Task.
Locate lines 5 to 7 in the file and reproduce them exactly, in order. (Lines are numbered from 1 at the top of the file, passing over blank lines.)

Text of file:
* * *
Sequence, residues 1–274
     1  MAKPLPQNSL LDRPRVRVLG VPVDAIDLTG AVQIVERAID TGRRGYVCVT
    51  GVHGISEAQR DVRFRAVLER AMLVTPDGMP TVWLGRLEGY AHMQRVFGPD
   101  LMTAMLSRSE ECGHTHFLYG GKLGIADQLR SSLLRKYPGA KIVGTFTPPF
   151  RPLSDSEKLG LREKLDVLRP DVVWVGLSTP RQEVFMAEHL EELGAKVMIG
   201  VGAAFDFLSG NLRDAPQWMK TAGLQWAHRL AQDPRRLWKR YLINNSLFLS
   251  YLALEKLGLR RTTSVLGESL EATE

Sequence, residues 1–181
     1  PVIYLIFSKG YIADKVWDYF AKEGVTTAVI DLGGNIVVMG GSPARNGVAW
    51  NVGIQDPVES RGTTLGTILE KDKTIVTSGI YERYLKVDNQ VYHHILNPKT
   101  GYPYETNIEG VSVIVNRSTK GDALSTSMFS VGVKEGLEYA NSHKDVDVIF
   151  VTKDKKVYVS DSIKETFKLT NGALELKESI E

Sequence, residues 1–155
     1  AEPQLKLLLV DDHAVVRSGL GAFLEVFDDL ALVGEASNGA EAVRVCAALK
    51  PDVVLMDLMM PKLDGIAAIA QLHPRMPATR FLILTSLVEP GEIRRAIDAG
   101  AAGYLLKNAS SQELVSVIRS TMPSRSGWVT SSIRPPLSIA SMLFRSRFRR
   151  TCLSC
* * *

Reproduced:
   151  RPLSDSEKLG LREKLDVLRP DVVWVGLSTP RQEVFMAEHL EELGAKVMIG
   201  VGAAFDFLSG NLRDAPQWMK TAGLQWAHRL AQDPRRLWKR YLINNSLFLS
   251  YLALEKLGLR RTTSVLGESL EATE